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Are your bones fat?

Just like other parts of your body, your bones can get fat.
And fat bones lead to osteoporosis.

But a recent study from the University of North Carolina School of Medicine discovered when you reduce bone fat, your bones quickly rebuild themselves.1

Of course, you know I’m not talking about eliminating fat from your diet. I’m talking about getting back to the kind of daily activity that led our ancient ancestors to have a bone mass that was 20% greater than what we have today.

You see, with the right kind of exertion – the kind I developed for my PACE program – you can make bone fat vanish. More on that in a moment. First, let’s find out what “fat bones” really mean.

Marrow Fat Weakens Your Bones

In a process called remodeling, old bone breaks down so new bone can take its place. This repairs damage and prevents bones from becoming brittle.

At the center of all this activity is your marrow, the spongy tissue inside your bones. Marrow coordinates the formation of bone and cartilage while also producing blood and immune cells.

And while bone marrow is a rich source of nutrients that allowed our ancient ancestors to evolve into the modern humans we are today, it also produces fat that can lead to brittle bones.

Scientists used to think that marrow fat was a kind of fat reserve not used to burn energy during exercise. But the researchers at UNC proved them wrong.

They discovered for the first time that vigorous exercise actually makes fat cells “vanish” from bone marrow and reverses osteoporosis within just a matter of weeks.

In an animal experiment, researchers fed one group of mice a diet intended to make them obese. The other group ate normally. After four months, half the mice in each group were given a running wheel that they used often. Then the research team looked at the marrow fat and bone density of the mice that were allowed to exercise.

As expected, the obese mice had more – and larger – fat cells in their marrow. And their bones had already become weaker and significantly less dense.

But here’s what really surprised researchers. After exercising for six weeks, both obese and lean mice showed a massive reduction in both the size and the amount of fat cells in their bone marrow.

In fact, the amount of marrow fat in the exercising obese mice dropped by more than half. And while exercise improved bone thickness and density in both groups, the improvement was particularly pronounced in obese mice.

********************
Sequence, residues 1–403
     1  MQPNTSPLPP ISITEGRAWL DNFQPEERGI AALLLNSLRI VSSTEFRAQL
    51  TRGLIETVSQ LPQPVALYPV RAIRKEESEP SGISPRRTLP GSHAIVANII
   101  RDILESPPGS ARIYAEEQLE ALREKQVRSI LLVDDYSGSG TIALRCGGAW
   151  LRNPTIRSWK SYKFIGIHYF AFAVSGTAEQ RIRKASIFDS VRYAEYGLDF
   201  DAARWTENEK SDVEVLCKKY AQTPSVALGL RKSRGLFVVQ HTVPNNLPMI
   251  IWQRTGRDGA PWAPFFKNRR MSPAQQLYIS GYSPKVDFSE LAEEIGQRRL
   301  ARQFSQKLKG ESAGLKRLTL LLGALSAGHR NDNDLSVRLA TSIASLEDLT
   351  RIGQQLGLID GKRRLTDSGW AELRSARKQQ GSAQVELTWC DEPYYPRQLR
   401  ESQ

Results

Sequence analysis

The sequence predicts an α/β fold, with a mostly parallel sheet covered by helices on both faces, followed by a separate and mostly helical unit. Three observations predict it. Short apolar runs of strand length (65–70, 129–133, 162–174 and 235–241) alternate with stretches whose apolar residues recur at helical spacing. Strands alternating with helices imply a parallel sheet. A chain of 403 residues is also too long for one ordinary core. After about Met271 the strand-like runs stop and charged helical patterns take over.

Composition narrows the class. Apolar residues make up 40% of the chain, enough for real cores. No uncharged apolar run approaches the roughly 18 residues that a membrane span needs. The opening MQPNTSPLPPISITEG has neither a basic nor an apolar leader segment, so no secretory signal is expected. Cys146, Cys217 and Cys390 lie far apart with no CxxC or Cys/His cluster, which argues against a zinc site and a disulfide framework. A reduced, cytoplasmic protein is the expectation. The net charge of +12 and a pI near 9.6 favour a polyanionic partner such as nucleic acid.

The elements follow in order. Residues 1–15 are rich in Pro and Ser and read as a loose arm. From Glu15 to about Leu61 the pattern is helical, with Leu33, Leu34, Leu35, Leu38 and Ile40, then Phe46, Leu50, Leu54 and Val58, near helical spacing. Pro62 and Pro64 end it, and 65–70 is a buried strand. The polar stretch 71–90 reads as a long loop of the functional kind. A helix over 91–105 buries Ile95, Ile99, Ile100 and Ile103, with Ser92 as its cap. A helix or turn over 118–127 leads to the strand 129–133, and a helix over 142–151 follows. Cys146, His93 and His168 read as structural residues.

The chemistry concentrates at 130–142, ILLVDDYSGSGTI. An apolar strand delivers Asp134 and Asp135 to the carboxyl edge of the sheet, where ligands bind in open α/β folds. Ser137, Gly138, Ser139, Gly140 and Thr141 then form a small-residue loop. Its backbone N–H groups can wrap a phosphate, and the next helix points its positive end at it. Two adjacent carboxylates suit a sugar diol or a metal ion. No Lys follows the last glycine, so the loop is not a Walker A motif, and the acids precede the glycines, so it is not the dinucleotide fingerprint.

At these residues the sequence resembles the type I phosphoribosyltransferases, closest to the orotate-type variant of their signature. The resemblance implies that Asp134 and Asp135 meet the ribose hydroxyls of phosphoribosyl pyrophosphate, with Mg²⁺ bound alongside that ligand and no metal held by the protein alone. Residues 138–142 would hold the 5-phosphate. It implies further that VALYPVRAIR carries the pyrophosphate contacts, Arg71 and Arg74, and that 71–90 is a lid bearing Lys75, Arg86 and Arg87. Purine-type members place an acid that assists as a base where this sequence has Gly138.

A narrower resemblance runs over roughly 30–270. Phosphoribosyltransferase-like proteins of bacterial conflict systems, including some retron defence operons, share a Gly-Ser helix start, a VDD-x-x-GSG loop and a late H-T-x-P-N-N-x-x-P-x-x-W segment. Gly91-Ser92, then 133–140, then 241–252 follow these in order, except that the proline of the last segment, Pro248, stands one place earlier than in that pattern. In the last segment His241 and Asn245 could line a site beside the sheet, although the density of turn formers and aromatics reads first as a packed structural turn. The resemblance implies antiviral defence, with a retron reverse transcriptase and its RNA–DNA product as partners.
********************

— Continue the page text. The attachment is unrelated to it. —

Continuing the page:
Use Fat To Build Stronger Bones

So, it’s true that fat deposits in your marrow lead to weak, osteoporotic bones.
But, it’s also true that an evolutionary-based exercise program like PACE burns this fat for fuel. The result is stronger bones.

You see, you evolved to sprint, leap, lunge, stretch, jump, twist, and turn. That’s why the bones of your ancestors grew stronger with their daily challenges – even as they aged.

My PACE exercise program replicates these ancient natural movements. PACE is designed to return your body to its native state. PACE incrementally challenges your body with natural weight-bearing exercise to quickly increase your bone strength and help prevent fractures.

The beauty of PACE is that it only takes 12 minutes a day.

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But most importantly, you can do PACE no matter what your current level of fitness is. Whether you’re out of shape, obese, or used to working out daily, you will benefit from this program.

The philosophy behind my PACE principle is to shorten the duration of your exertion and increase the exertion. PACE stands for Progressively Accelerating Cardiopulmonary Exertion, and the concept is pretty simple: short, progressively accelerated bursts of intense exercise followed by rest.

It doesn’t matter what your age or physical condition is. You can choose any exercise that makes you stop and pant for breath. It could be as simple as going up and down the stairs, biking, walking, or swimming. The most important thing is to increase your challenge gradually over time.

For specific PACE exercises, check out my YouTube channel. I have more than 30 different exercises and a complete workout to help you get started.

Click here to watch my PACE videos.

To Your Good Health,

Al Sears, MD

Al Sears, MD, CNS


References:

1. Styner M, et al. “Exercise decreases marrow adipose tissue through ß-oxidation in obese running mice.” J Bone Miner Research. 2017 Aug;32(8):1692-1702.